My Annie was never positive until her owner went into hospice and she ws locked 
up in her trailer for 3 weeks, not knowing where Kathy was and only Kathy's 
sister coming in, changing the box and giving fresh water and food, no 
interaction.  Then when I said I would take her (Kathy said if no good home, 
pout to sleep) they put her in a cardboard box, brought to vet's office and I 
put her in my carrier and took her home to suddenly have to deal with 2 strange 
people and another cat.  Then she tested positive.  I think stress has a great 
deal to do with the onset of FELV.  She was 4 when I got her and is now going 
on 9, healthy as can be.  I keep my other cats vaccinated for FELV. 
 All are healthy except for Lil Bit who is now dealing with extreme bacteria 
infection in bladder, most likely kidneys.  Has nothing to do with Annie being 
FELV.  Lil Bit is now on the road to recovery I think.  Still wobbly, but her 
eyes are not dialated, she is eating (a little bit at a time because the first 
time she wanted food, gulped it down and up=chucked).  Now I let her eat a bit, 
make her rest a bit and on till she wants no more.  No more problems with 
up-chucking.  She is getting sub q fluids every other day and has been 
drinking.   I think part of her stumbling around in circles is she wants to get 
to the watr fountain.  When I let her out yesterday, she headed straight for it 
and began drinking.  Water in a bowl is ok, but fountain is better. 
---- Margo <> wrote: 
> Hi Shelley,
>         This is coming from a very disgruntled person so take it all with a 
> grain of salt:)
>         I have pretty much given up on test results as accomplishing 
> anything. They seem just about useless in the long run, from my experience. 
> For many years I ran a rescue in FL. I was fanatic about testing. Everyone 
> was Elisa tested on intake, and again in three months, if we still had them. 
> We offered follow-up testing to adopters. No positives were allowed to leave, 
> and every one tested negative (both Elisa and IFA) at 3 months. I figured I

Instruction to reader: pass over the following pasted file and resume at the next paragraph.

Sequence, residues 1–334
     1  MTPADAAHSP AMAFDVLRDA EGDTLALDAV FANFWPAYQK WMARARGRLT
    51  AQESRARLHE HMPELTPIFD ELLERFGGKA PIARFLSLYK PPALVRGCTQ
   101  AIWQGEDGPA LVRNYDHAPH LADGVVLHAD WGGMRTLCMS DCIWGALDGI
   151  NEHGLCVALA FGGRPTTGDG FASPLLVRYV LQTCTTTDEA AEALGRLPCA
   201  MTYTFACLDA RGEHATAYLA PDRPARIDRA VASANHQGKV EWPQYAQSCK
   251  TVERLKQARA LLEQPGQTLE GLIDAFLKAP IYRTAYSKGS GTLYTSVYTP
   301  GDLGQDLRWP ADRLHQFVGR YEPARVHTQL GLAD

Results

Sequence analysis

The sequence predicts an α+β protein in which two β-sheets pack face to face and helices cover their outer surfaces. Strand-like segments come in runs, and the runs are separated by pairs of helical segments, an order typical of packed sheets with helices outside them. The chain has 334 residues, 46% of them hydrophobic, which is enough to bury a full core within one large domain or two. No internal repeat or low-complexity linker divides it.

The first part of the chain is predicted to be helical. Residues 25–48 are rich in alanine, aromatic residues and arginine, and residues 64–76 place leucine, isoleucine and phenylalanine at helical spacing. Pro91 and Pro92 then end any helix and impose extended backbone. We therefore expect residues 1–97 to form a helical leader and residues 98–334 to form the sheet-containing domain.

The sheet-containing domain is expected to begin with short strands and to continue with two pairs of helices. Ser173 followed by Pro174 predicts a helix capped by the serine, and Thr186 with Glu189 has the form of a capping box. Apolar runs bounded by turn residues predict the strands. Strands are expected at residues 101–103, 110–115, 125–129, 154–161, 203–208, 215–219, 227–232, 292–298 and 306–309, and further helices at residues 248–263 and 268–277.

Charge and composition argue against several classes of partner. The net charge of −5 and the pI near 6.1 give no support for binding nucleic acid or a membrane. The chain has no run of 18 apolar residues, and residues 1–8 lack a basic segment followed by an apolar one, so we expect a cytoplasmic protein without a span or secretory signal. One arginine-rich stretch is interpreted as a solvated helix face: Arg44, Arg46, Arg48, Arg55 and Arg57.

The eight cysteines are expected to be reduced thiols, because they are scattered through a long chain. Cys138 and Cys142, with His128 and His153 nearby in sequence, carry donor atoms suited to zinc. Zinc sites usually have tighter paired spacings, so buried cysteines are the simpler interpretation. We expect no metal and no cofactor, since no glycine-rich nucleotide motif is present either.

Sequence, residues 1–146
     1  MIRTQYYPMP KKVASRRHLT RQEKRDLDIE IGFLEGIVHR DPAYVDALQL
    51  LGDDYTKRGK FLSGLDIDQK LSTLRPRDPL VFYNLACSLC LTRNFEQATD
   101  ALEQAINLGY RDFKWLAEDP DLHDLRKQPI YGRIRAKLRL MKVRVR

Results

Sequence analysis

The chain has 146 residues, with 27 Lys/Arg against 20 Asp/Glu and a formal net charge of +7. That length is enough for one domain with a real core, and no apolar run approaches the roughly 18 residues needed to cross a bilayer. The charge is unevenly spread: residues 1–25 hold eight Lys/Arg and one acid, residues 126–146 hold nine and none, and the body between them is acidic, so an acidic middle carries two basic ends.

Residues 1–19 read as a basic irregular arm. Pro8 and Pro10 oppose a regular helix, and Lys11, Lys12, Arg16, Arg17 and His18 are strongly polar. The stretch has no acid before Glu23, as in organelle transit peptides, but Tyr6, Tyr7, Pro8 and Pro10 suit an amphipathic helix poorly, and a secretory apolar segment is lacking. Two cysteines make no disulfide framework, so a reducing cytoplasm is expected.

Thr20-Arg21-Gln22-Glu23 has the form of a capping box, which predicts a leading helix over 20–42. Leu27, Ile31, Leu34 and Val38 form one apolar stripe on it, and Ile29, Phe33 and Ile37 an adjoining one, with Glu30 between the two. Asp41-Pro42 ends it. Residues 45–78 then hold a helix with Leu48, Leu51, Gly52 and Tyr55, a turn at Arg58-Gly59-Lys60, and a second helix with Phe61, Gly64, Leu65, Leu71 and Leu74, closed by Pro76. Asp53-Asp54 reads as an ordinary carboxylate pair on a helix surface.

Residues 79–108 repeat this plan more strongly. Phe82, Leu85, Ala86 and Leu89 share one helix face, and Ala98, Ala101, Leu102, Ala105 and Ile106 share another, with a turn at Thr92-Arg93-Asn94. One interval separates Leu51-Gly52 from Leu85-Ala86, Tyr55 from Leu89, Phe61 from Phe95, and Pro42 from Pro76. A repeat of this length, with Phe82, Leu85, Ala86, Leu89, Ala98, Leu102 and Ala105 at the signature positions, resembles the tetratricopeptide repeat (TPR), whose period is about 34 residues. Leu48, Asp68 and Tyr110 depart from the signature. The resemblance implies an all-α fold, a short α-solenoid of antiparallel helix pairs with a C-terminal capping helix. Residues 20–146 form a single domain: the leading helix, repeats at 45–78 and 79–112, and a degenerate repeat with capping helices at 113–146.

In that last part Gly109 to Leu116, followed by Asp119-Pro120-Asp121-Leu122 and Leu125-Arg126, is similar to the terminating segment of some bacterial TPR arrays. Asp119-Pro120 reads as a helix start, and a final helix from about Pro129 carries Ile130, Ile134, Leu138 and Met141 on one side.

> was just very, very lucky.
>         Fast forward. Two years ago I re-tested my whole population. Elisa 
> negative. All of them. Just after that, I added a new cat. He was in 
> quarantine for three months. Clean Elisa at both times. In March, he tested 
> positive, after a very stressful bout of struvite stones. I was devastated. 
> Now what? Well, since then one more (of my original household) has tested +. 
> Another is likely. I'm not re-testing everyone. I'll test as they need to go 
> in for the complications.
>         Here's what "Shelter Medicine" (UC Davis) has to say about FeLV 
> testing;
> "What additional tests are available?
> Cats testing positive by the ELISA test on serum should ideally be retested 
> either using an ELISA test from a different manufacturer or by sending the 
> appropriate sample for an IFA test at a diagnostic laboratory. If both tests 
> are positive, the cat is very likely persistently infected. To be absolutely 
> certain, cats can be held and retested after 30 days if resources are 
> available and the cat can be appropriately housed and isolated (for the 
> protection of the cat and population; see below). Because the IFA is less 
> sensitive (more prone to false negatives) than the ELISA test, a negative IFA 
> result in a cat testing positive ELISA can not be taken as an indicator that 
> the cat is not infected. If the ELISA test is positive but the IFA results in 
> a negative result, both tests can be repeated in 30 days.  If this strategy 
> is used, a plan should be made at the outset and clearly communicated to 
> staff and foster parents regarding what will happen with cats that test 
> persistently positive
  after the 30 day hold. A PCR test can also be run to help resolve any 
conflicts in the tests. PCR is very sensitive, so a negative test result run by 
a reputable laboratory indicates infection is unlikely. However, because PCR 
testing is very sensitive to laboratory error, correct sample handling and 
laboratory quality are extremely important."
> Even so, the more I read, the less I trust ANY test to be accurate. Seems 
> that whatever the test, somehow there are ways it can prove to be inaccurate.
> So, I am at a loss. I have four kittens suitable for adoption. All tested 
> negative. All have been vaccinated against FeLV. And yet, they've lived 
> (completely seperately, physically) in a positive household. I don't want to 
> subject any adopter to the possibility of the heartbreak of FeLV. So they'll 
> stay. And I quit rescuing, fostering and re-hab. 
> Maybe I'll learn more (or someone else will) and change my mind.
> Margo
> -----Original Message-----
> >From: Shelley Theye <>
> >Sent: Aug 14, 2013 9:57 AM
> >To:
> >Subject: [Felvtalk] IFA tests/PCR tests
> >
> >Hi,
> >
> >I want to bring Leo back in to get the IFA test.  I was reading about the 
> >company that developed
> >the IFA test,  the National Veterinary Lab.  Are they the company that most 
> >folks use or can 
> >my vet send to any lab, like Antech, etc.  Is one lab considered more 
> >accurate than another?
> >
> >Are PCR tests done much? I think in England they are used more than the IFA, 
> >at least I recall
> >reading that a while back on a website.
> >
> >Thanks so much for any advice,
> >Shelley
> >
> >
> >
> >_______________________________________________
> >Felvtalk mailing list
> >
> >
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